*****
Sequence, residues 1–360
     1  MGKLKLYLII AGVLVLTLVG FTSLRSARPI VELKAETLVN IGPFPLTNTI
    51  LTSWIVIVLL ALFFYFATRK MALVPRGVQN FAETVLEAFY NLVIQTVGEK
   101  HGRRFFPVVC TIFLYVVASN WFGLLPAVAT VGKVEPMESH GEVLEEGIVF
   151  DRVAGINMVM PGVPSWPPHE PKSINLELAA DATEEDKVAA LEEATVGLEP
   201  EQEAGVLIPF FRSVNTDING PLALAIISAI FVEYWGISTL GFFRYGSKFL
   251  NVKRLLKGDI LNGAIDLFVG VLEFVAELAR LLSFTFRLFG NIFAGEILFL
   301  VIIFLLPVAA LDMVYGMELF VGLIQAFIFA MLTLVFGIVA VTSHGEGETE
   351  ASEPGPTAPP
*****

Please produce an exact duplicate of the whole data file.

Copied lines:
Sequence, residues 1–360
     1  MGKLKLYLII AGVLVLTLVG FTSLRSARPI VELKAETLVN IGPFPLTNTI
    51  LTSWIVIVLL ALFFYFATRK MALVPRGVQN FAETVLEAFY NLVIQTVGEK
   101  HGRRFFPVVC TIFLYVVASN WFGLLPAVAT VGKVEPMESH GEVLEEGIVF
   151  DRVAGINMVM PGVPSWPPHE PKSINLELAA DATEEDKVAA LEEATVGLEP
   201  EQEAGVLIPF FRSVNTDING PLALAIISAI FVEYWGISTL GFFRYGSKFL
   251  NVKRLLKGDI LNGAIDLFVG VLEFVAELAR LLSFTFRLFG NIFAGEILFL
   301  VIIFLLPVAA LDMVYGMELF VGLIQAFIFA MLTLVFGIVA VTSHGEGETE
   351  ASEPGPTAPP